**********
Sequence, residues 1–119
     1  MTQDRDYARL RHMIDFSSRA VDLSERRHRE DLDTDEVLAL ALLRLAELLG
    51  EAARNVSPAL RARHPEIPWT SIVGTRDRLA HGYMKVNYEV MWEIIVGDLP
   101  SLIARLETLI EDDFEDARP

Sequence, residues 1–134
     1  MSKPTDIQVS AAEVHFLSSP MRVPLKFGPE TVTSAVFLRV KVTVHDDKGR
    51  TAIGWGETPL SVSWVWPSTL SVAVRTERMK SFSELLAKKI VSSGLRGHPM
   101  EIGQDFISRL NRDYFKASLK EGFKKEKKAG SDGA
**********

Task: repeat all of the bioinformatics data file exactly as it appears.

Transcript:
Sequence, residues 1–119
     1  MTQDRDYARL RHMIDFSSRA VDLSERRHRE DLDTDEVLAL ALLRLAELLG
    51  EAARNVSPAL RARHPEIPWT SIVGTRDRLA HGYMKVNYEV MWEIIVGDLP
   101  SLIARLETLI EDDFEDARP

Sequence, residues 1–134
     1  MSKPTDIQVS AAEVHFLSSP MRVPLKFGPE TVTSAVFLRV KVTVHDDKGR
    51  TAIGWGETPL SVSWVWPSTL SVAVRTERMK SFSELLAKKI VSSGLRGHPM
   101  EIGQDFISRL NRDYFKASLK EGFKKEKKAG SDGA